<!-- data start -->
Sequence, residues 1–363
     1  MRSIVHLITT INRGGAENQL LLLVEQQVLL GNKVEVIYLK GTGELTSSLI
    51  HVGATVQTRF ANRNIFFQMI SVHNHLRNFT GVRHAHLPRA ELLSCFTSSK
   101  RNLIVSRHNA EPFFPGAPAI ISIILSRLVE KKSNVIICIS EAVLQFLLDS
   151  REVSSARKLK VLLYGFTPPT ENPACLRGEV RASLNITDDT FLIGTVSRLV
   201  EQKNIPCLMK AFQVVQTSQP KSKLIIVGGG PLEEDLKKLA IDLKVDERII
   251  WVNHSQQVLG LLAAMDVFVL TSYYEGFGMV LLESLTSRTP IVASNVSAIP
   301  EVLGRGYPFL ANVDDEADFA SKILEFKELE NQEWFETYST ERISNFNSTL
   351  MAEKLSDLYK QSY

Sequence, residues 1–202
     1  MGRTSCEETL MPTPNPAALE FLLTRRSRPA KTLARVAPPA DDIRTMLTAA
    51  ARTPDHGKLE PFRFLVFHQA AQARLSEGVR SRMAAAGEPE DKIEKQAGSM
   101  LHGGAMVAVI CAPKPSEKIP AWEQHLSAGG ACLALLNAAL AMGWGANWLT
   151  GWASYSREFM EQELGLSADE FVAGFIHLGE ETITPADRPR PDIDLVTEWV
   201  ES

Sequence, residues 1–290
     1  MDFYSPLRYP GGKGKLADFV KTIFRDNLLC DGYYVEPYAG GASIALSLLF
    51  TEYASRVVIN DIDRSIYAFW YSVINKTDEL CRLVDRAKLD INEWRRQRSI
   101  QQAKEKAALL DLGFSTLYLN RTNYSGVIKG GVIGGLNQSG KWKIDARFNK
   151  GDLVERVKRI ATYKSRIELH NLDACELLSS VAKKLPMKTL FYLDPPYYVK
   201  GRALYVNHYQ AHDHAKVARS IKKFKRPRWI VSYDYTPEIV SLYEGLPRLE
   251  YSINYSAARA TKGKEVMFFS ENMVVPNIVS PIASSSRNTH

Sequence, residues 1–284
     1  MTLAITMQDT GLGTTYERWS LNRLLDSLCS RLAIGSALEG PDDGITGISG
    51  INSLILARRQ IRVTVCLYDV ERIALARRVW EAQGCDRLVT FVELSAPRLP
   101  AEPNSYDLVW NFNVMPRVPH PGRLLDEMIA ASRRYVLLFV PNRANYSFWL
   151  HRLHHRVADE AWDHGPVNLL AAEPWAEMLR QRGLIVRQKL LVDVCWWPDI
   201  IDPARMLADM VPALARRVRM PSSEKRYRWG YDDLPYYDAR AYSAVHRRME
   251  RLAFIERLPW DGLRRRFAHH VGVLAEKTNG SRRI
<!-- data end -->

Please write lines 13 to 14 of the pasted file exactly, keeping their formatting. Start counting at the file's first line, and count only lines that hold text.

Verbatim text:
   101  LHGGAMVAVI CAPKPSEKIP AWEQHLSAGG ACLALLNAAL AMGWGANWLT
   151  GWASYSREFM EQELGLSADE FVAGFIHLGE ETITPADRPR PDIDLVTEWV